The most recent example of restructuring in the region was Dubai. It could have been much smoother.

joseph said...

Are you familiar with what happened in Iceland? I wonder if that same situation could apply to Lebanon.

It is hard to see Lebanon acting seriously towards its debt obligation. I mean, you raise the point about a finance minister whose greatest accomplishment was to be on a dean's list in consecutive semesters.

On the other side, you have HA who have specifically said they do not have an economic policy.

Talent aside, I think the political will is just not there to seriously tackle the problem.

ghassan karam said...

You have hit the nail on the head!!. No one seems to think that this is an important issue and it has the potential to sneak on us with a left-right combination.
I am not so sure that we are capable of handling a crisis of the magnitude of the one that hit Iceland. My feeling is that half of the Lebanese would then fall back on the traditional explanation that this is a Zionist conspiracy.

Prophet said...

I’m in total agreement with you that the priorities of Lebanese governments have been in the wrong places ,and in the wrong projects all along.
I always wondered how can Lebanese officials who travel all over the world bragging about the Lebanon a s a tourist country , ignore the fact that they have failed to provide electricity, clean running water, and basic services.
You heard me , many times, echo my disgust with all Lebanese policies for their lack of responsibilities toward their followers, and my anger toward the public for blindly following these so called leaders.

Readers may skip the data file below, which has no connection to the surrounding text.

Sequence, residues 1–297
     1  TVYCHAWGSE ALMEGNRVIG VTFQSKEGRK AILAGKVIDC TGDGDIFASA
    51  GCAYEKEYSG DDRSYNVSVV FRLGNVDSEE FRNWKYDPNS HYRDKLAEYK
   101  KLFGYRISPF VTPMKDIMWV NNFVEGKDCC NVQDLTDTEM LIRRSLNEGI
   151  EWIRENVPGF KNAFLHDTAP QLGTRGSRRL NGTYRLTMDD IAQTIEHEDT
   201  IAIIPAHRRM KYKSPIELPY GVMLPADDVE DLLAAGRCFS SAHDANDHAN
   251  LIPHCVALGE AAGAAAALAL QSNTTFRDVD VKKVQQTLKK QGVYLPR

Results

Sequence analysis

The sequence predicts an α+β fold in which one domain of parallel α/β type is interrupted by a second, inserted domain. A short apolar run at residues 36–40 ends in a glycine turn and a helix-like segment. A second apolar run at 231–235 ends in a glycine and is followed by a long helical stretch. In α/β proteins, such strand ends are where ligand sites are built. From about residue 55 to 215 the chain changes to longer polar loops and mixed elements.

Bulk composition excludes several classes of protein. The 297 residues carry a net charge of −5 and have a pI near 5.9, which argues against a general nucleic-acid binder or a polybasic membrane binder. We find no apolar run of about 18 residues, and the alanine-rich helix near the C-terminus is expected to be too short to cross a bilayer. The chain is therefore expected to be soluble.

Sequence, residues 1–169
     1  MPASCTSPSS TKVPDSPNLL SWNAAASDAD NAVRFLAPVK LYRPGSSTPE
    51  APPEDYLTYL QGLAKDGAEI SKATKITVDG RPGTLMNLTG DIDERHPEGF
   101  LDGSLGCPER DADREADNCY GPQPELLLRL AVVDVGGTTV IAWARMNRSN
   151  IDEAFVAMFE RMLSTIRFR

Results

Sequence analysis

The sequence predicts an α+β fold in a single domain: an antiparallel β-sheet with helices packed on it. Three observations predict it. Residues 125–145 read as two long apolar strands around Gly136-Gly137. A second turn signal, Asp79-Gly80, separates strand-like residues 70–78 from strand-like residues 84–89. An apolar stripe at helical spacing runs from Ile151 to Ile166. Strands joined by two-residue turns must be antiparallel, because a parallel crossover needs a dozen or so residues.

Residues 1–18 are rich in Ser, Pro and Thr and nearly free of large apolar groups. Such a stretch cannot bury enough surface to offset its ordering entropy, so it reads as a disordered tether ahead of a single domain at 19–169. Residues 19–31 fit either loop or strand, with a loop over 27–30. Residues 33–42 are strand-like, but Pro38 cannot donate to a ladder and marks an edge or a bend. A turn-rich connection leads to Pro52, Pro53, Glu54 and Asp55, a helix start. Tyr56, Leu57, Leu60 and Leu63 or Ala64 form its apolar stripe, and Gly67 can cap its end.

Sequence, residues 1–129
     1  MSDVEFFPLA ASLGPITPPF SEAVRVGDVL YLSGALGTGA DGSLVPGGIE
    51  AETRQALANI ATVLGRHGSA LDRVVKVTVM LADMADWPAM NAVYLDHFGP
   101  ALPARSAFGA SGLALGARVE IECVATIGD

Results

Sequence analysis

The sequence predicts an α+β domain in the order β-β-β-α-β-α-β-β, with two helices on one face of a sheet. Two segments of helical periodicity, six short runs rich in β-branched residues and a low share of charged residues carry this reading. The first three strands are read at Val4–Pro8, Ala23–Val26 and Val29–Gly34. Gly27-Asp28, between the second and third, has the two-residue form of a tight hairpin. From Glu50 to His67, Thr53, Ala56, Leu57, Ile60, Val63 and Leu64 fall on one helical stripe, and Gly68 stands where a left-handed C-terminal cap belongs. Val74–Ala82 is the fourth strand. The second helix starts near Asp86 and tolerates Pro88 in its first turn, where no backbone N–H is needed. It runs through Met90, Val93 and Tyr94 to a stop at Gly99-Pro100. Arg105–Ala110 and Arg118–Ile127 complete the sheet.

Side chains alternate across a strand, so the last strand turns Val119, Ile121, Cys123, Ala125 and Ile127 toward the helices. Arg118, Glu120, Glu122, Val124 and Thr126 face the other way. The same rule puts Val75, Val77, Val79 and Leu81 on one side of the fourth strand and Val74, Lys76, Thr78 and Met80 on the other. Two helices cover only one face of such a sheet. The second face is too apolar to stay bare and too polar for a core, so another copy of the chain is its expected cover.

Lebanon reminds me of a beautiful blondy who lived in a filthy run down house, yet she drove a nice BMW, and always went out looking like a Hollywood superstar, until one day the bank confiscated her car after defaulting on her hefty monthly payment.
It’s the show off mentality and the attitude that things will sort themselves out somehow.
I’m off to a family wedding.
Happy father’s day

ghassan karam said...

You are right, we seem to be a people that are in love of outer appearances.
Enjoy the wedding. I have to go and start the BBQ for the clan in the backyard.

danny said...

Great informative analysis as usual. Not that it matters..but who is Sebouh?

ghassan karam said...

Unfortunately, you are right , it does not matter. There is something wrong both with the system and the governance ( Nazzam wa Hukum). I saw an 11 minute video of an interview that was done with Safadi by Agence France. It was not encouraging.

Sebouh is a regular commentator on Yalibnan and Prophet is sometimes there also .Take care.

joseph said...

Given the LBP is tied to the USD - do you think it is in Lebanon's interest that the US keep printing money or carry on with quantitative easing?

ghassan karam said...

At a purely theoretical level I do not advocate artificial exchange rates. I believe that they are very costly.
Yet we have them and I imagine we have to accept that they do exist and do the best that we can under the circumstances.
A weaker dollar would not necessarily leave a major negative imprint on Lebanon. The ultimate impact is determined by the import mix of goods and services into Lebanon and where do we primarily export to.

Oussama Hayek said...

"Most of the potential benefits from floating the Lebanese currency have been counterbalanced by the misguided decision to issue debt in dollars."

Ghassan, check the data on the MoF website. More than half the debt is in Lebanese pounds, not foreign currency. The issue is not clear cut. One should also be careful with the numbers. Comparing real growth with an average interest rate on foreign debt is fine as a quick rule of thumb, but for Lebanese debt, you really should be comparing nominal growth with the nominal interest rate.